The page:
Daniel Martin is a successful scriptwriter in Hollywood with a trophy mistress and lots of material success. He gets a call informing him that his estranged university friend, Anthony, is dying of cancer and wishes to see him to obtain a reconciliation. He returns to England, sees his friend (who then commits suicide), rekindles a romance with the friend's wife, Jane, whom he realizes he should have married years before, finally choosing to give up the success and the mistress in America for real love and meaning with Jane.
This report prepared by Juan Galis-Menendez
This is Fowles's obvious attempt to write the Great Novel. Daniel Martin, a middle-aged British writer not unlike Fowles, lives in California, writes screenplays, and has a young girlfriend, when word comes from England that an old friend is dying and wants to see him. Martin had been alienated from that circle because he once wrote and staged a play that his friends felt unfairly depicted them. In addition, he had a romantic encounter with his friend's future wife when they were all at Oxford. Martin must journey -- back to England, back into his past -- to make peace and move forward. The novel travels from the pueblo country of the American Southwest to the desert monuments of the ancient Egyptians; it switches back and forth, unaccountably, between first and third person; there are wondrous depictions of the hero's farming childhood right out of Thomas Hardy, and a gorgeous chapter about young first love called "Phillida" ... but it's a slow, stately book which reminds me of Virginia Woolf's remark about _Middlemarch_: it's a novel for grownups.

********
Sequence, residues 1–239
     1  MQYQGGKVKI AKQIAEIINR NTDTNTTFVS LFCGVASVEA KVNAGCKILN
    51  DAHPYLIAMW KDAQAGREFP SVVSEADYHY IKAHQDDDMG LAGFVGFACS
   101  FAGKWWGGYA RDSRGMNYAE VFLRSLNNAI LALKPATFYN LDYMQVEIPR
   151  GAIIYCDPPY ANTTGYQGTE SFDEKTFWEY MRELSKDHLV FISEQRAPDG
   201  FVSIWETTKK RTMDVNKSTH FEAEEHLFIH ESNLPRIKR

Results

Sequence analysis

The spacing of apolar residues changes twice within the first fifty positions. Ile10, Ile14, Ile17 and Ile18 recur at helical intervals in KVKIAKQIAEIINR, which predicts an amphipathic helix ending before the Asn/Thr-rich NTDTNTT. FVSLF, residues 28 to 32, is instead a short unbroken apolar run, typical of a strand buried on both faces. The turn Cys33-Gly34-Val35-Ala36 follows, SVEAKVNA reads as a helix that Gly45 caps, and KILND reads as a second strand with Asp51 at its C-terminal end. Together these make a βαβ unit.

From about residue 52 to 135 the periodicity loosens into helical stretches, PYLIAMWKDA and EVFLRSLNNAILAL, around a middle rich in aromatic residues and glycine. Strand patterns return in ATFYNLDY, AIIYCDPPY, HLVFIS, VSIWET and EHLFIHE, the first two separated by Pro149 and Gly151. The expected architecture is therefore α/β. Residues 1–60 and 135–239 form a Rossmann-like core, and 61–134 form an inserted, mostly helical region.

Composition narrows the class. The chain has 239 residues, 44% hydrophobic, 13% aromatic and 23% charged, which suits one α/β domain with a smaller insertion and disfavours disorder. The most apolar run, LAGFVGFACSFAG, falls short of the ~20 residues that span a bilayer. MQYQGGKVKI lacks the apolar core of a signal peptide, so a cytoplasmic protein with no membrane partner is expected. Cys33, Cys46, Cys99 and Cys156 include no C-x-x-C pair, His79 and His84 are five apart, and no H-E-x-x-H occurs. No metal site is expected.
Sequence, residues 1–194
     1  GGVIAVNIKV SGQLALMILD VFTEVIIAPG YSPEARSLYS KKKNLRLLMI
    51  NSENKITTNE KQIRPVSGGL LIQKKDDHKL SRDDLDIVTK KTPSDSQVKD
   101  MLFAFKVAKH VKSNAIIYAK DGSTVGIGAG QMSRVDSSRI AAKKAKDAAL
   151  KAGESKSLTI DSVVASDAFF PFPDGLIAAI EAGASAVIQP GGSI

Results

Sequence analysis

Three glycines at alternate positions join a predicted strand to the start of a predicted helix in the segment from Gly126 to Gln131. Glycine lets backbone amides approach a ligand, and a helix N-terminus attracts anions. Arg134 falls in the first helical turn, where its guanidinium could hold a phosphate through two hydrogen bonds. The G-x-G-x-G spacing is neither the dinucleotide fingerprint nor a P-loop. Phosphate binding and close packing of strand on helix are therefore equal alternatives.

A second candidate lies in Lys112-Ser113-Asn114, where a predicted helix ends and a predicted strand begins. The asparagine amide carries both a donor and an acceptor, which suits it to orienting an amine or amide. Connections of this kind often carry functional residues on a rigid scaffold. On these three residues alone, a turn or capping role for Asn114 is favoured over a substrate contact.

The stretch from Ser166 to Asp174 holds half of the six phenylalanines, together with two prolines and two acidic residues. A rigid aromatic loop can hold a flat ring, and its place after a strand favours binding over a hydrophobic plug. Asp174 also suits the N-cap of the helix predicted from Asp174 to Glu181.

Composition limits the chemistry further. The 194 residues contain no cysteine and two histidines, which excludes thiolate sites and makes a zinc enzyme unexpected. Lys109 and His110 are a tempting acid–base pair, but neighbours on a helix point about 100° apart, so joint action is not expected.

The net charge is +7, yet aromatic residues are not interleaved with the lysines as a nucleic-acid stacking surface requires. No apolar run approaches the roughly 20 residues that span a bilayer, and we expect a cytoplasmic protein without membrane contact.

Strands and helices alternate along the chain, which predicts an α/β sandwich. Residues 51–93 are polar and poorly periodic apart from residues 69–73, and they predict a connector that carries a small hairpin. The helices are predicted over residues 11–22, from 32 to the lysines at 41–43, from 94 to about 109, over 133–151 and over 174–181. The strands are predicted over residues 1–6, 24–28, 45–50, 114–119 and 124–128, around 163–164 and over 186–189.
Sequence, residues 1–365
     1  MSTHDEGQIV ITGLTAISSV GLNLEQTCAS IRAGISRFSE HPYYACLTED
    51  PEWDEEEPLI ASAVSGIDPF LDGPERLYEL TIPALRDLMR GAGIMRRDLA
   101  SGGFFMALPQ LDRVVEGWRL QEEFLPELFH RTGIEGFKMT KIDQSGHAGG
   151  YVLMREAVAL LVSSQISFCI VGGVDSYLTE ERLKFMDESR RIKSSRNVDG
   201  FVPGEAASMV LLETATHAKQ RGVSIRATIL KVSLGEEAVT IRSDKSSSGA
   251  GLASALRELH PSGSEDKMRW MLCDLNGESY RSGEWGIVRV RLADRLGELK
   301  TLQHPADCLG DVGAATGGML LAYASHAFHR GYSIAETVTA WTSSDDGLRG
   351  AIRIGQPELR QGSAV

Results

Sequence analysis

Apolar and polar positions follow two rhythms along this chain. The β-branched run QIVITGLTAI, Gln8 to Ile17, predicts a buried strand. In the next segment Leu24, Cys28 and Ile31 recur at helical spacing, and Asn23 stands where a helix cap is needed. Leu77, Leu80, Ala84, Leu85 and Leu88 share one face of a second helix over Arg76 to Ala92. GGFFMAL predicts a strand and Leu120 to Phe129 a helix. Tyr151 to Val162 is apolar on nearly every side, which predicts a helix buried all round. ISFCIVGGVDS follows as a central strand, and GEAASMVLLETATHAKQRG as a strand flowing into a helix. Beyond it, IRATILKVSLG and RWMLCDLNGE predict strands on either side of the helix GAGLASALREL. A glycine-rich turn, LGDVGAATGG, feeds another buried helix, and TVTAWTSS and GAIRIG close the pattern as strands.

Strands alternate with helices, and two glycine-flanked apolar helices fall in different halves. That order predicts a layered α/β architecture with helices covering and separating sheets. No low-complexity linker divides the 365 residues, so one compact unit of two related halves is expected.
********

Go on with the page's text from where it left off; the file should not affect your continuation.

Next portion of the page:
This report prepared by David Loftus